Before I begin, I want to apologize for posting this review so late. I actually had this book finished about a week ago, but college related life took hold. I could say it won’t happen again, but it probably will- so bare with me.
Disclaimer: I am not paid by or affiliated with any organization, author, or publisher, and everything I write here is of my own opinion.
Unfortunately, there is not much good I can say about Go Ask Alice, and my faults with this book do not even include its most commonly received barbs: that it is a fictitious piece wrongfully posed as a real diary and that the accounts of being under the influence are inaccurate. On the first, I cannot say for sure whether or not the diary was actually written by Beatrice Sparks (though any well-read person, including myself, would have began doubting the validity of this work early on), but if Go Ask Alice were to succeed in warning children away from drugs (which I believe was its intention), then whether it is real or a work of fiction shouldn’t matter. And on the second, I have not and do not use drugs in any way, shape, or form; therefore, I have no right to discredit this novel for its so called “inaccuracy.” That being said, there are some opinions I can and will address:
1. Though this book didn’t make me want to use drugs, I can honestly say it failed at making me NOT want to use them. I refuse to use drugs because of a personal choice I made, not because Go Ask Alice scared me away.
2. Not only does the narrator have no known name, she is extremely annoying and lacks personality. Maybe I’m too much older to understand her… Maybe I’m too Christian to emphasize with a drug addict… Or maybe she’s just completely non-relatable. I wanted to reach through the pages and strangle her every time she felt the need to repeat her words three times, and then I would feel “great, great, great.” I mean, come on! Who actually talks like that in the real world?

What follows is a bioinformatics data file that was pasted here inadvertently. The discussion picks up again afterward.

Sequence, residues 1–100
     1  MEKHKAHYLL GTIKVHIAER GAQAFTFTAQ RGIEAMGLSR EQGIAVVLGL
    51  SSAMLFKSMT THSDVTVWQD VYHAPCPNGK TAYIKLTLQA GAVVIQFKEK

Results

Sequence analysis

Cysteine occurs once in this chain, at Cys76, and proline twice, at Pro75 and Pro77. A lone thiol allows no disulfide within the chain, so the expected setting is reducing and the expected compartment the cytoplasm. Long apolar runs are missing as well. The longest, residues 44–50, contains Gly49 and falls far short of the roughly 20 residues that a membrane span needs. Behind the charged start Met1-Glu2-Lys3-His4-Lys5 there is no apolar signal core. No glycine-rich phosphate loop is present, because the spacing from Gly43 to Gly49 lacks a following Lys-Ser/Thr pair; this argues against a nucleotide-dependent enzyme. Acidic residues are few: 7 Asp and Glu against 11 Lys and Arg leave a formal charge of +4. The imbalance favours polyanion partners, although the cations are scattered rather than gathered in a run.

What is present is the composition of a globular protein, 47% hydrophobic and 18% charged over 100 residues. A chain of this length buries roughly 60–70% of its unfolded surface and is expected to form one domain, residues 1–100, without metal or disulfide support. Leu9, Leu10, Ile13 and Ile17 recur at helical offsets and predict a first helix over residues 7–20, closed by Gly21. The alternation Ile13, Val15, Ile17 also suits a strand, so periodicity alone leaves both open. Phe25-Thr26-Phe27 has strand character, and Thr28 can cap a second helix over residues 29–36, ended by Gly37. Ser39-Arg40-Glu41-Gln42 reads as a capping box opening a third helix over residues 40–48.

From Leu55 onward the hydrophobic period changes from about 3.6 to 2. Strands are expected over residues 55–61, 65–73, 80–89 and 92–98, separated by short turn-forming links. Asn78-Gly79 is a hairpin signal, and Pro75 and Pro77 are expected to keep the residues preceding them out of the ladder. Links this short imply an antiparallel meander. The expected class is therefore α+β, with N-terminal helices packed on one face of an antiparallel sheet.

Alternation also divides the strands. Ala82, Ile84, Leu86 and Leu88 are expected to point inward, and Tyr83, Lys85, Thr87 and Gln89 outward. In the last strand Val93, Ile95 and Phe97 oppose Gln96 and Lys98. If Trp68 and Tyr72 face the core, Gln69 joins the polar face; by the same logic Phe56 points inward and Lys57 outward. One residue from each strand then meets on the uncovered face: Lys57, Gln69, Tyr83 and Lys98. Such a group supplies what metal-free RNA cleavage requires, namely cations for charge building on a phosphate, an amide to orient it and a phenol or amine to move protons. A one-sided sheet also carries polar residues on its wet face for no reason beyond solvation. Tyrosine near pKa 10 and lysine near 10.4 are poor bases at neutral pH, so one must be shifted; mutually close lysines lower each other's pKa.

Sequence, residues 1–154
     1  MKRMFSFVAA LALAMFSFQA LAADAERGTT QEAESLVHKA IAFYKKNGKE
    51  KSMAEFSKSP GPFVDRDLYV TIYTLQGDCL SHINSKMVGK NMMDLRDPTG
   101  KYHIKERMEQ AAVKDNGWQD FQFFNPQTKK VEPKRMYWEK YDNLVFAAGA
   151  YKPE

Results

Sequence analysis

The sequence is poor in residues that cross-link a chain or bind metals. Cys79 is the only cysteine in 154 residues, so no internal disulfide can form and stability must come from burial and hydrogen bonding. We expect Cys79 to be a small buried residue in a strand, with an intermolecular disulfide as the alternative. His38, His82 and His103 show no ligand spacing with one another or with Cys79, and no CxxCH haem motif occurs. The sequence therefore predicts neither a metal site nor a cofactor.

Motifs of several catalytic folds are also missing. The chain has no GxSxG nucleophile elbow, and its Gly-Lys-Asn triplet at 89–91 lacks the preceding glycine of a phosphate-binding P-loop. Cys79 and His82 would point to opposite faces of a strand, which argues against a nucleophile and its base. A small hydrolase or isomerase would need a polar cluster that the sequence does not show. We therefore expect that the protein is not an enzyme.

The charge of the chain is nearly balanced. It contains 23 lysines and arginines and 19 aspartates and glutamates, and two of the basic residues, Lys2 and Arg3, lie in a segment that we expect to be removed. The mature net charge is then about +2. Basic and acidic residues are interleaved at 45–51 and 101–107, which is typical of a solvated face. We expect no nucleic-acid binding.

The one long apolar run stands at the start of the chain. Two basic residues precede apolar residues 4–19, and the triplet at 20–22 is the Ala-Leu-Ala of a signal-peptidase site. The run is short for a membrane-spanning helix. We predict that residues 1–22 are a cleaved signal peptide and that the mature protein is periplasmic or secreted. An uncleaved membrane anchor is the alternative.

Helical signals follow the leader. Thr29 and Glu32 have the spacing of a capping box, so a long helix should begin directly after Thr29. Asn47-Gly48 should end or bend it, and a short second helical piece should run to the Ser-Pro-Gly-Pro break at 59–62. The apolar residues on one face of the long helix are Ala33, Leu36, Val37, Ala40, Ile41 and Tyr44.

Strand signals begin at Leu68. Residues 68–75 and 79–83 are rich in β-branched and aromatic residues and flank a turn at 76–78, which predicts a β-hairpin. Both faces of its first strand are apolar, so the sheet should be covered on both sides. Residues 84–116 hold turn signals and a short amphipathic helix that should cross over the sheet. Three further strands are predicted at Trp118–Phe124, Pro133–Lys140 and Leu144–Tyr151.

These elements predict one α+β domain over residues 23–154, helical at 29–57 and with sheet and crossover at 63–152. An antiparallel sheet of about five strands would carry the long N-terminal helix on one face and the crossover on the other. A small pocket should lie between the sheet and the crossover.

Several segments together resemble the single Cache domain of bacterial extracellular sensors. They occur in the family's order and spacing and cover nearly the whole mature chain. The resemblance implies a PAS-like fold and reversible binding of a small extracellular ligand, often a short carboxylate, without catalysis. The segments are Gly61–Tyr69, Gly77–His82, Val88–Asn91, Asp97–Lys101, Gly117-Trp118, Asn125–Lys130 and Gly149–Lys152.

3. I couldn’t help but notice that the narrator’s voice completely changed when she described her drug highs. It wasn’t only her emotion that changed, from depressed to fascinated. It was almost as though the drug specific entries were being written by a completely different person. I could have let this slide if she had written the entries “while” under the influence, but her experiences were always vividly portrayed as what had already happened.
4. Now, correct me if I’m wrong, but I thought quitting drugs cold turkey caused varying withdrawal symptoms. Like I said earlier, I don’t know much about drugs or even drug addicts, but the idea that the narrator would be able to quit, start back up, wonder why she ever quit in the first place, then quit again without any trouble at all seemed ridiculous to me. And this process was repeated several times in the novel. I would think she’d have some problems after constantly quitting so suddenly, but she didn’t seem affected in the least. (Again, forgive me if I’m wrong. I’m only going by what I learned throughout health lecture classes in high school and college.)
Though I didn’t very much enjoy this book, I must give it some props for even attempting to display the emotional turmoil of a young girl suffering from addiction. I may not offer Go Ask Alice to my own child (because underneath all the drugs, identity crises, and splintered relationships, resides a world of rebellion, rape, greed, and prostitution that I wouldn’t want my son or daughter to read), but I understand some mothers or fathers would. All I advise is that you read it yourself first before allowing them to.
My rating: ★★
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